Optical outflows associated with Herbig Ae/Be stars
Corcoran, David (1993) Optical outflows associated with Herbig Ae/Be stars. PhD thesis, Dublin City University.
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Optical outflows (HH objects and jets) have only recently been found to be associated with high luminosity sources (> 50 L®) such as the Herbig Ae/Be stars. In this thesis,
using deep narrow band CCD imaging, the regions about three Herbig Ae/Be stars, V380 Ori, LkHa 198 and V376 Cas, together with one high luminosity embedded infrared
source Cepheus A, have been examined in detail. In most cases, these young stellar objects, have been known or have been suspected in the past to be associated with
HH objects. However, each of these regions is found to be considerably more complex than previously thought with the detection of at least twenty new HH objects, many
of which are examined by spectroscopy. For LkHa 198, a bright HH knot previously thought to be associated with it, is in fact, not related. This object appears to be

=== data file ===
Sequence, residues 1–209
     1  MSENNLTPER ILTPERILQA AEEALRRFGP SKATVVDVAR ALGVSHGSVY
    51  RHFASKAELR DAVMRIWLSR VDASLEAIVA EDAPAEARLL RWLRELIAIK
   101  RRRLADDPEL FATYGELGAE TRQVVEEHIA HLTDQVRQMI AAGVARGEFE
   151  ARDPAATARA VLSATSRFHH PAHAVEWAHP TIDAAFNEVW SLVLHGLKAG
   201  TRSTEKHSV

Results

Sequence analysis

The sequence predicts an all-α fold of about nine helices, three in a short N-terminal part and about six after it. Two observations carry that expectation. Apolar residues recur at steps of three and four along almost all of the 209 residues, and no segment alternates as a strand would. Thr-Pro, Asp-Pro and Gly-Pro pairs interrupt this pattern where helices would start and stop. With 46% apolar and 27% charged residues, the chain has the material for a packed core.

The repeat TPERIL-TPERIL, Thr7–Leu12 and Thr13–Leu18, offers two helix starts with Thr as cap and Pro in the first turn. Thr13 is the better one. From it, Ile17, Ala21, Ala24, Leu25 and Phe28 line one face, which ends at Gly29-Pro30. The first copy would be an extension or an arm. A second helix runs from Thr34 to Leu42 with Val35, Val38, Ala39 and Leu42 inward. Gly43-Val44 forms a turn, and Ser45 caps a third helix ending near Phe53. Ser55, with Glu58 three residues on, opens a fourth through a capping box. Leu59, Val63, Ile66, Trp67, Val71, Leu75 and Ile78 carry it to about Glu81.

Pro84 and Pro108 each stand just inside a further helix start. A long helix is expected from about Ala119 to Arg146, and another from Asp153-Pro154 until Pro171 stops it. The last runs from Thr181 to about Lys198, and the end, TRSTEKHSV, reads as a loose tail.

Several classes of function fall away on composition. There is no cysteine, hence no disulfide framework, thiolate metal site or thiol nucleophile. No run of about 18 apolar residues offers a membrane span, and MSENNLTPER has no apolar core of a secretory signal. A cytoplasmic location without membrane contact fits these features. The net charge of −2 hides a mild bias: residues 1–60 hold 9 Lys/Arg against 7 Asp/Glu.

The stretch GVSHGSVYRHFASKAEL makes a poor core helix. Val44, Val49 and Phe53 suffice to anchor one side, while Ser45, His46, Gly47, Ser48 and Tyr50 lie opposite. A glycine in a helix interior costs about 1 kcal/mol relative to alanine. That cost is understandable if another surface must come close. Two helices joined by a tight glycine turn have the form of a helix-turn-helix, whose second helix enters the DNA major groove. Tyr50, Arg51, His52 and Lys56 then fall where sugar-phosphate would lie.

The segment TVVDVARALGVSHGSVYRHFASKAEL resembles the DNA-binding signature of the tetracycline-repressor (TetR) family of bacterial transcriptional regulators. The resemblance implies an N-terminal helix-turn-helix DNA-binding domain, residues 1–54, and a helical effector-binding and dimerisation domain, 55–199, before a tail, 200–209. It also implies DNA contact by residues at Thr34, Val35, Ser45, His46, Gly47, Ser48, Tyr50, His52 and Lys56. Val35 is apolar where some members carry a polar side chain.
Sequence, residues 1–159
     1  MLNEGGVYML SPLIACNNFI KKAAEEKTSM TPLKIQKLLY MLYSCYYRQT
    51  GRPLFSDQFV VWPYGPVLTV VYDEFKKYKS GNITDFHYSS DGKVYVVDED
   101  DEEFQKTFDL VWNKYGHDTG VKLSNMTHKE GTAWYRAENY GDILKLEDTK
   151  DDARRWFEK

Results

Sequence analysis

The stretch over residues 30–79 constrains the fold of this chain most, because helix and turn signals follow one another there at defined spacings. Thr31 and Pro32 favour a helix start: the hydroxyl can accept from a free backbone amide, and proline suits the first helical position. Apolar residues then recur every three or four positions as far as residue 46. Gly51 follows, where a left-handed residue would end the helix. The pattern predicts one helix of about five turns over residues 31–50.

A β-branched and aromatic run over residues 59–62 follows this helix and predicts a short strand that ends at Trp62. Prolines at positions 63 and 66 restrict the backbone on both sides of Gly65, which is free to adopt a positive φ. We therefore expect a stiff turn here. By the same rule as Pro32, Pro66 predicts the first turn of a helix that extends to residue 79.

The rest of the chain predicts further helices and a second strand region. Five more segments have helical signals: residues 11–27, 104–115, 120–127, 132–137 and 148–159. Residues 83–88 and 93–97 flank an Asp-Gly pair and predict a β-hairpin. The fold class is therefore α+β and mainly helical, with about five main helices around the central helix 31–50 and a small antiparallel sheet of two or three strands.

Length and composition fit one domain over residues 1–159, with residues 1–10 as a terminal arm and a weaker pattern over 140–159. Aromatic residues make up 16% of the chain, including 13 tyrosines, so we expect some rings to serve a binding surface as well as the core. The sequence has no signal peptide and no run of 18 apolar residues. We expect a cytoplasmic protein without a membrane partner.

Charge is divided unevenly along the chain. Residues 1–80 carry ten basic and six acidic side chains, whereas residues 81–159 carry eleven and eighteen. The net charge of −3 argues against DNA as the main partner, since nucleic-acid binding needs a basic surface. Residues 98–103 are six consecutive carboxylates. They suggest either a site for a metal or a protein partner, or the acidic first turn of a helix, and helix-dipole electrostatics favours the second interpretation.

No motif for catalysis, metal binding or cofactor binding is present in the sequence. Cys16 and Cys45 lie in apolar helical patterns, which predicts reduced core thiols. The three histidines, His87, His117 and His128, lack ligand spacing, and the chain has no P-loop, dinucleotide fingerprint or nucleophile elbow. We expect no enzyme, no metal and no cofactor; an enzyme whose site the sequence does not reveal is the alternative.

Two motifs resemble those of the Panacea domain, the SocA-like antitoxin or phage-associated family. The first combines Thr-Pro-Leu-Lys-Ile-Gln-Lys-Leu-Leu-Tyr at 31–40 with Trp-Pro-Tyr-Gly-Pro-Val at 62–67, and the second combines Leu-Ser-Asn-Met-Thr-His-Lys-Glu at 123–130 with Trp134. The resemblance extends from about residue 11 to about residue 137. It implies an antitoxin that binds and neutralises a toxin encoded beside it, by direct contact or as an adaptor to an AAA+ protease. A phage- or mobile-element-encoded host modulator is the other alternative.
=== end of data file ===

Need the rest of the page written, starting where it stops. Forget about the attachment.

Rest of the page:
part of an optical outflow, the source of which is a newly discovered star located 5" to the northeast. A jet is seen to emanate from LkHa 198 and the presence of these
two outflows in close proximity not only explains many of the existing observations such as polarimetric measurements, but draws into question previous interpretations of the molecular outflow source and the presence of a far infrared halo about LkHa 198. For
V376 Cas, a number of nearby HH emission knots are reported some of which may be associated. Perhaps one of the most remarkable discoveries, is that of a HH “loop” to the
east of Cepheus A. Taken together with GGD 37, it is argued that one observes here a bipolar poorly collimated wind, orientated East-West in the plane of the sky. A similar
emission line “loop” structure is also observed to the west of V380 Ori, and while it is clear tha t this “loop” and the molecular outflow to the east, delineate a bipolar poorly collimated wind, it is unclear whether the more distant components of the “loop” are HH or HII emission. Importantly, the presence of LiIA6708 in the spectrum of V380 Ori, suggests th a t it is not a Herbig Ae/Be star but is in fact a T-Tauri star. The high luminosity of the star and the HH emission seen nearest to it, is taken as evidence of a variable poorly collimated wind, which emanates from V380 Ori and is interacting with a cavity left over from some previous outburst. A poorly collimated HH component is also seen for LkHa 198, and using all the observations made here and those collected from existing data, it seems increasingly more obvious that optical outflows are more poorly collimated from higher rather than lower luminosity sources (e.g. the T-Tauri stars).
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